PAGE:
intellichick: diy book scanner

DIY Book Scanner: Make-Up Carrier, Choral Folder, and Picture Frame Glass

Recently I borrowed several books from a library for my dissertation research.  I was basking in the glow of more generous university library renewal options when I got an email telling me I had to return them because – can you believe this? – someone else needed them.

The email brought some emotions:

  • Obligatory shaking-fist-in-the-air
  • Facebook post expressing my attachment issues to books that aren’t actually mine:
    Darn you, Book Recall! Darn you, Unidentified University Student(s)!  Don’t take my books away!
    (I didn’t actually write that, but it’s a fairly accurate expression of those emotions)

Naturally, the logic of the situation reared its head when a week passed by and I still wasn’t done with them.  Funny thing about logic – most people would just resign and return the books hoping to borrow them again (or perhaps participate in some recursive “Book Recall Game”).  Me?  I decided the day before the books were due to see if I could make a DIY Book Scanner.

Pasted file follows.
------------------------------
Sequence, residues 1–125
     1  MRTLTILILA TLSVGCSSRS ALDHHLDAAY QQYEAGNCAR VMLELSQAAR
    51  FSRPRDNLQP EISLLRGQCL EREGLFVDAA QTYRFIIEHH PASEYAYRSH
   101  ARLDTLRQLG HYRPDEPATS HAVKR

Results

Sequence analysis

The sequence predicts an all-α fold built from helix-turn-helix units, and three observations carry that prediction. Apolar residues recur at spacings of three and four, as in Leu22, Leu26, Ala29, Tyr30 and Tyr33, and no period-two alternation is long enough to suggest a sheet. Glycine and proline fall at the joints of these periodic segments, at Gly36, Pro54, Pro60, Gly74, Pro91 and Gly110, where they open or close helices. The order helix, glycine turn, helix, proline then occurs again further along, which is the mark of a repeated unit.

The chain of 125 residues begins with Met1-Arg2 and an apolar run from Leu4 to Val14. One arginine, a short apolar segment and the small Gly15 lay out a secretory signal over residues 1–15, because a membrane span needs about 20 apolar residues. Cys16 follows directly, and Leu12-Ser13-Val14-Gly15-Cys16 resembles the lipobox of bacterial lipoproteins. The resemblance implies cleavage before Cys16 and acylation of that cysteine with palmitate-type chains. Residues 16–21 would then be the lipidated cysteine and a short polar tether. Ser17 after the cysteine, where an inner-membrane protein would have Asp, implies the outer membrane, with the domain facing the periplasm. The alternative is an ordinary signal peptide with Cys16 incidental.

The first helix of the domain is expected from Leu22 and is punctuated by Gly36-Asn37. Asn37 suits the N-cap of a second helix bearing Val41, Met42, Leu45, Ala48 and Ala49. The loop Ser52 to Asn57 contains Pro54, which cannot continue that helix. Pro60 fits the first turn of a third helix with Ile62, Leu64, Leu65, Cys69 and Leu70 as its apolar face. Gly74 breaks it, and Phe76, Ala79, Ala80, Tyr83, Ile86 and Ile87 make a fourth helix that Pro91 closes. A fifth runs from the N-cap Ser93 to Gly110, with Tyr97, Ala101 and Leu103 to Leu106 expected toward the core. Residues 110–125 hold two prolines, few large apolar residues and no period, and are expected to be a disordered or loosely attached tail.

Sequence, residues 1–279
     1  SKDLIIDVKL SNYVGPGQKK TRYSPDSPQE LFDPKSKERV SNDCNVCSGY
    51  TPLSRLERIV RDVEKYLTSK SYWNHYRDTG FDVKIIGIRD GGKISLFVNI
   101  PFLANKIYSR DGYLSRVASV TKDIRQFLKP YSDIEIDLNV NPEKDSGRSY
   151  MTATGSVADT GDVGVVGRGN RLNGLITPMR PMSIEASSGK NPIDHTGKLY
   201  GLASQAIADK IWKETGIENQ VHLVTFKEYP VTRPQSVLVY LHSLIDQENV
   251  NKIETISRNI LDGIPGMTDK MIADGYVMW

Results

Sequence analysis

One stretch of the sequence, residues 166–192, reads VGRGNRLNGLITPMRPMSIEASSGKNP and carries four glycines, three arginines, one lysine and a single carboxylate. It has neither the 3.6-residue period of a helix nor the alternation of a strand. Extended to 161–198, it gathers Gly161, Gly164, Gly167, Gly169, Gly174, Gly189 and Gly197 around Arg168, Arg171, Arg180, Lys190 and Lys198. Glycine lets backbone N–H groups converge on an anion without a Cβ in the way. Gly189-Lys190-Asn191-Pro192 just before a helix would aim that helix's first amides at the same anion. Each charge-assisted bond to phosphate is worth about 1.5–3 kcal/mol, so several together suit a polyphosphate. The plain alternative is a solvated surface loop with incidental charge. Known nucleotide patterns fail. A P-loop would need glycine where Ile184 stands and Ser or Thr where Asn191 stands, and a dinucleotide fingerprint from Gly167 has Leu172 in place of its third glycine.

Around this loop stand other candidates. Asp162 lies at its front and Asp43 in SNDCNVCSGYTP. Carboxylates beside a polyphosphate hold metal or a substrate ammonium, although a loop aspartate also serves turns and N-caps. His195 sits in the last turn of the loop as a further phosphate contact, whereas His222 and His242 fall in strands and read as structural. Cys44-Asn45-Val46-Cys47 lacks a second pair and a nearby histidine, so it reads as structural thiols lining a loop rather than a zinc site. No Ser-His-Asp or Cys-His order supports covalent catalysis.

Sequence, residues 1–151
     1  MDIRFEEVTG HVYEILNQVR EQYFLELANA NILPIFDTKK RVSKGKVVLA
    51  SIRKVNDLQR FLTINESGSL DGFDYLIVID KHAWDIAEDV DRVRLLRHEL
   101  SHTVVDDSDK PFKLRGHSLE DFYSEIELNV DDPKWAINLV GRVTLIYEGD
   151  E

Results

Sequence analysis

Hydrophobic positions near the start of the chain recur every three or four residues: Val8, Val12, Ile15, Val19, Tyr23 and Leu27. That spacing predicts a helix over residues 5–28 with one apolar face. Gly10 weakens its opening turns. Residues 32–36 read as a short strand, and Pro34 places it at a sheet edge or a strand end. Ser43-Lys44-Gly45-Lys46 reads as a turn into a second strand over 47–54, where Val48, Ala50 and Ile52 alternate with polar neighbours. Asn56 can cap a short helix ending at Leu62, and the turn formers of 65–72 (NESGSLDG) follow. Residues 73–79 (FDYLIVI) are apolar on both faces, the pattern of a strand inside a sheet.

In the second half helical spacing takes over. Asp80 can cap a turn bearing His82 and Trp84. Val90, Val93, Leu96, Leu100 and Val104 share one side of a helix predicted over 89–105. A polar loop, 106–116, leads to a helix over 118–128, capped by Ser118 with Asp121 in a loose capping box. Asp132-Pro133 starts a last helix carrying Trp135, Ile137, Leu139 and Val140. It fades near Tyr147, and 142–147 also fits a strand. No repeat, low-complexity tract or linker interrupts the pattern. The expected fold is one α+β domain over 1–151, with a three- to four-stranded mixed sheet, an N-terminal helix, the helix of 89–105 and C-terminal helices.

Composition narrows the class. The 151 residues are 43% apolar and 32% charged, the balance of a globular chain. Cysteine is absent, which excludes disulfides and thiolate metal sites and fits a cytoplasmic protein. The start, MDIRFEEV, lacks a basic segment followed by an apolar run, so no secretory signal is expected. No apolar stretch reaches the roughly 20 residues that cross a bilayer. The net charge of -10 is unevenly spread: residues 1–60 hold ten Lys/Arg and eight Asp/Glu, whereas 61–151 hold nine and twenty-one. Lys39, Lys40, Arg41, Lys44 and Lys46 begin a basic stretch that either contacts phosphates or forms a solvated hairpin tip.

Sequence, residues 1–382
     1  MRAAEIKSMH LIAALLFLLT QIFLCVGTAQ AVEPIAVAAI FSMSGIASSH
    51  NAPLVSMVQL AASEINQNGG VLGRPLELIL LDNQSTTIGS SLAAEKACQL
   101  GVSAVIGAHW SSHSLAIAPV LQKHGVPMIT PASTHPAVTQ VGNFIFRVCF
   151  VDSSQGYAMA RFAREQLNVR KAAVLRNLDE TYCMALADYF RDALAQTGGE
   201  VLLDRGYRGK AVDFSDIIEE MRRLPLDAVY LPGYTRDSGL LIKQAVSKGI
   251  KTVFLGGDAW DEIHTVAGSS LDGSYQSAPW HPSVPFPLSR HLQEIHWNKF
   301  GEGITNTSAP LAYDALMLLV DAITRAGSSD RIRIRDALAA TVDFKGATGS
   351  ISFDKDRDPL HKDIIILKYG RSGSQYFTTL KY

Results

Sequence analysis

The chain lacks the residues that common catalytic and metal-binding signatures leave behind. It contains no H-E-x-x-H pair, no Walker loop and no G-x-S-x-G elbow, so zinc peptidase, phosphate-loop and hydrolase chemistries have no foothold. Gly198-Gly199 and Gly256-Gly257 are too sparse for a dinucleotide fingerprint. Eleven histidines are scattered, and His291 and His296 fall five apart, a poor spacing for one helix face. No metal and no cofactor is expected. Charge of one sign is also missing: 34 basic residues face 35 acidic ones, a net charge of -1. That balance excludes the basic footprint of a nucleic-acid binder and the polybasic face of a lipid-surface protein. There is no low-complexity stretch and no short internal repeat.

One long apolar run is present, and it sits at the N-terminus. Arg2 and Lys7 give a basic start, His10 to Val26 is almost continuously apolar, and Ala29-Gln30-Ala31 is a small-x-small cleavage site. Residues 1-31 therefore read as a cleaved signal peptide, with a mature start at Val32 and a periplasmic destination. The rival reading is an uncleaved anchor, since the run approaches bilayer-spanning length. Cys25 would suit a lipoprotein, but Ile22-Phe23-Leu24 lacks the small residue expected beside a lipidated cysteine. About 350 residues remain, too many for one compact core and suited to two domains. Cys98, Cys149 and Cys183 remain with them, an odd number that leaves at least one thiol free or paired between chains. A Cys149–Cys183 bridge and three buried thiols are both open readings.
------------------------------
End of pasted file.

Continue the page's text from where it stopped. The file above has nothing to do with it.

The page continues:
Some initial research:

The Cardboard Box one was pretty much the closest thing that came to what I ended up making (great read also on the process of how to scan the book and collate it), but – you see – I didn’t have the recommended cardboard box size and I was trying to do the least actual construction possible.  There were some household item attempts for the wedge aspect of the project including leveraging my giraffe bookends or using creative folding of some collapsible boxes.

The end result however was a collaboration of several household items:

  • Wedge-like Base: Silver Make-Up Carrier Box (a Caboodle like this – not your standard Caboodle but the kind that opens up the middle)
  • Sturdiness for the Base: Choral Sheet Music Folder (The kind you hold when you’re performing)
  • Flat Glass Sheets: Large full glass picture frame (My friend Jay had given it to me and I had never thought to take it apart until yesterday – though I would imagine you could use the glass from any other kind of large photo frame)
  • Technical Standards: Camera, Tripod, Desk Lamp, and a stack of books to make the Desk Lamp Taller
intellichick: diy book scanner diy book scanner – Angle 1
intellichick: diy book scanner diy book scanner – Angle 2

Once that was figured out, the most challenging process was collating pages after the tedious process of photographing pages (though likely not as crazy if I had tried to use my super slow flatbed scanner!).  Collating required accessing Javascript and learning those features on Acrobat Pro which took awhile, but I was able to scan a book for my use and compile it.

So there you have it – my ever so random DIY Book Scanner.  I don’t really expect anyone to replicate this, but I figured I’d share this story as another alternative just in case – you know – you happen to have a make-up carrier box and choral folder lying around!